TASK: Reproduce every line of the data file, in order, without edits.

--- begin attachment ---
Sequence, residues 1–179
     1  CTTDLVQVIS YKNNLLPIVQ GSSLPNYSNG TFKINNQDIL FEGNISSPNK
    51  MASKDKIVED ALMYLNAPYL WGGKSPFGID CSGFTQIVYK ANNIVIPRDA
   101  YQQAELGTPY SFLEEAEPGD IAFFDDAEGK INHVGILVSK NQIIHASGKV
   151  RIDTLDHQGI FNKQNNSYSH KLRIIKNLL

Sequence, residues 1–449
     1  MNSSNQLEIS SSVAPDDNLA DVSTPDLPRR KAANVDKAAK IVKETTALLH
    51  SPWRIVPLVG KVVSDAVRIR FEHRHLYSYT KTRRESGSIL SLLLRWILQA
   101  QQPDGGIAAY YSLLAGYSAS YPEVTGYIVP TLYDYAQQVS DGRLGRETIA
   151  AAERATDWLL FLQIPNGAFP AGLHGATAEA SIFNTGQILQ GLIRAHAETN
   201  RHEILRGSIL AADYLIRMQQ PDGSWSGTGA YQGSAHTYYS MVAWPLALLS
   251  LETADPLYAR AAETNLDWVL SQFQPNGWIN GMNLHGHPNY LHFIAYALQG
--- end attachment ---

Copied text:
Sequence, residues 1–179
     1  CTTDLVQVIS YKNNLLPIVQ GSSLPNYSNG TFKINNQDIL FEGNISSPNK
    51  MASKDKIVED ALMYLNAPYL WGGKSPFGID CSGFTQIVYK ANNIVIPRDA
   101  YQQAELGTPY SFLEEAEPGD IAFFDDAEGK INHVGILVSK NQIIHASGKV
   151  RIDTLDHQGI FNKQNNSYSH KLRIIKNLL

Sequence, residues 1–449
     1  MNSSNQLEIS SSVAPDDNLA DVSTPDLPRR KAANVDKAAK IVKETTALLH
    51  SPWRIVPLVG KVVSDAVRIR FEHRHLYSYT KTRRESGSIL SLLLRWILQA
   101  QQPDGGIAAY YSLLAGYSAS YPEVTGYIVP TLYDYAQQVS DGRLGRETIA
   151  AAERATDWLL FLQIPNGAFP AGLHGATAEA SIFNTGQILQ GLIRAHAETN
   201  RHEILRGSIL AADYLIRMQQ PDGSWSGTGA YQGSAHTYYS MVAWPLALLS
   251  LETADPLYAR AAETNLDWVL SQFQPNGWIN GMNLHGHPNY LHFIAYALQG